Date
19 November 2017
The NAAC management should have exercised more vigilance and caution when signs of financial trouble emerged last year, the investigation panel chaired by  Tai Keen-man (inset) said. Photo: i-Cable News
The NAAC management should have exercised more vigilance and caution when signs of financial trouble emerged last year, the investigation panel chaired by Tai Keen-man (inset) said. Photo: i-Cable News

NAAC probe panel urges top officials to quit over financial mess

The Neighbourhood Advice-Action Council (NAAC), a government-funded social service organization, is now in financial trouble because of inadequate budget planning and overspending, according to an internal probe.

In a report released on Tuesday, an internal inquiry committee chaired by Tai Keen-man blamed financial controller Chow Ka-lok and executive director Tung Chi-fat for the organization’s financial woes, and said they should resign, the Hong Kong Economic Journal reports.

Founded in 1968, NAAC promotes the values of self-help, integration and mutual support in the neighborhood. It offers a wide range of community development and welfare services to children, young people, families and the elderly.

Media reported in September that NAAC planned to terminate 21 projects providing short-term services in different regions earlier than scheduled. The plan will affect 117 of its workers, some of whom are set to be sacked.

According to the internal investigation report, NAAC did not notify the Social Welfare Department before stopping those services, as it should have done so.

The NAAC used to have huge reserves, but instead of returning the money to the government, it adopted multiple measures to spend it over the past three financial years, the report said.

These included giving one-time bonuses and benefits amounting to HK$77 million to its employees, adjusting employees’ pay grades, and launching the aforementioned short-term services that created more than 100 temporary positions.

The services, which caused a surge in personnel expenditures, were the major factor behind its current financial distress, the report said.

Tai cited serious negligence in financial analysis of the organization’s operation, adding that the management should have exercised more vigilance and caution when signs of financial trouble emerged last year.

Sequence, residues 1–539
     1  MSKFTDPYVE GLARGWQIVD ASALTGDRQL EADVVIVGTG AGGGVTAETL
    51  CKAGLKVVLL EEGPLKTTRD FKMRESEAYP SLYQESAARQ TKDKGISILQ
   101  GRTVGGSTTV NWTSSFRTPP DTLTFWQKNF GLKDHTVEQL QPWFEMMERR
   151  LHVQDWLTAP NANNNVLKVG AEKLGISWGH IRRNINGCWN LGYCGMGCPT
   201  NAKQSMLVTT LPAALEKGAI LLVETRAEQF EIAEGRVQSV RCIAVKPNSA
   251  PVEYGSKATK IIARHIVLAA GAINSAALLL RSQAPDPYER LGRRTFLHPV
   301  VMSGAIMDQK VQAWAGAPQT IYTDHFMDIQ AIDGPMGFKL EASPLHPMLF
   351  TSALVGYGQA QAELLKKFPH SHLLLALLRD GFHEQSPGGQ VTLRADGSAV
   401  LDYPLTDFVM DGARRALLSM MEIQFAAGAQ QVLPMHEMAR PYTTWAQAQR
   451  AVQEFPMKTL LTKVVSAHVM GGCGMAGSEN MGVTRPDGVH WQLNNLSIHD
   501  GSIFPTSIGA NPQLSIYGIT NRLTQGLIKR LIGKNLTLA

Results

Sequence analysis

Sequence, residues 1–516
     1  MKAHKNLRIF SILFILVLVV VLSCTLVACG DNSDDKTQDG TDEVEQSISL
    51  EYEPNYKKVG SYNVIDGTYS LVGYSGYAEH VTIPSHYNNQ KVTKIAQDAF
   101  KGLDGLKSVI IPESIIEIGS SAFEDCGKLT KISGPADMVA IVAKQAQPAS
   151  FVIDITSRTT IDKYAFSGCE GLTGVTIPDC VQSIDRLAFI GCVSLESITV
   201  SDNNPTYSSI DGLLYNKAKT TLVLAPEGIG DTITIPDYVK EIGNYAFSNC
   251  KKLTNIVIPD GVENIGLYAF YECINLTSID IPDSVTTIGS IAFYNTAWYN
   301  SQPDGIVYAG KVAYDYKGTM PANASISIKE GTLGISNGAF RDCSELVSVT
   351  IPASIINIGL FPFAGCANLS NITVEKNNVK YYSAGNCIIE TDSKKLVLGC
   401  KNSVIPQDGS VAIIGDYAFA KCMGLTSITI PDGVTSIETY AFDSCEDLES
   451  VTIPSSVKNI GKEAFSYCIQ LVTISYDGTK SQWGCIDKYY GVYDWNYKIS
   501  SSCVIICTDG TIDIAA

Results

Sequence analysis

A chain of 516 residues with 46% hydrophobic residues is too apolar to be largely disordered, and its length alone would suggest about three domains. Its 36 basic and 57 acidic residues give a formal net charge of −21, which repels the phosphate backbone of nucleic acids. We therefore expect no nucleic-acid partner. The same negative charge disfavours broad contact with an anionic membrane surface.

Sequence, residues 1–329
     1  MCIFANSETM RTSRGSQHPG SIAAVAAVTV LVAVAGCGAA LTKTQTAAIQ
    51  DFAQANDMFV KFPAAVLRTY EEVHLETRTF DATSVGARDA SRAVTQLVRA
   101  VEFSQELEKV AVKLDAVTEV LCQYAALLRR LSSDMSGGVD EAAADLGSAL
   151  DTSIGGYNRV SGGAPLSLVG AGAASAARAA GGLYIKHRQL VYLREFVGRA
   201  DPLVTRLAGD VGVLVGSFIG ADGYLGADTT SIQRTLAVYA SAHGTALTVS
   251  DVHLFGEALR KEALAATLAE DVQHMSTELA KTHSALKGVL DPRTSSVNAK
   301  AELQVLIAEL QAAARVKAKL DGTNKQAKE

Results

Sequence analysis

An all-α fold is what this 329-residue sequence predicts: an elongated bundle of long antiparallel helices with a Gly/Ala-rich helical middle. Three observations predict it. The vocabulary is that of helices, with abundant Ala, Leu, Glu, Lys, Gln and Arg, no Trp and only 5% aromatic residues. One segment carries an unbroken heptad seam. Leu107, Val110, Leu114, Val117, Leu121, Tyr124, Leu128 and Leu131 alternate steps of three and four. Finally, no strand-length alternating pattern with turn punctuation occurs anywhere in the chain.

He estimated that NAAC will see a deficit of HK$13.9 million by 2019 should it continue to offer its short-term services until October next year as scheduled, while terminating them can help the organization keep its head above water.

The investigation panel offered some suggestions to improve the situation, including finding a capable person to serve as executive director and implementing financial reforms.

It is understood that Tung has submitted his resignation and will leave by the end of the year, but Chow has not submitted his resignation letter, although he has announced that he will quit.

The NAAC executive committee has made it clear that Chow will be asked to resign if he fails to quit on his own.

Meanwhile, the Lump Sum Grant Independent Complaints Handling Committee under the Social Welfare Department has reportedly launched its own probe into NAAC.

Lawmaker Shiu Ka-chun, who represents the social welfare functional constituency, also blamed the government’s lump sum grant subvention system for the situation at NAAC, noting that it allows subsidized organizations to fully control its finances.

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TL/JC/CG

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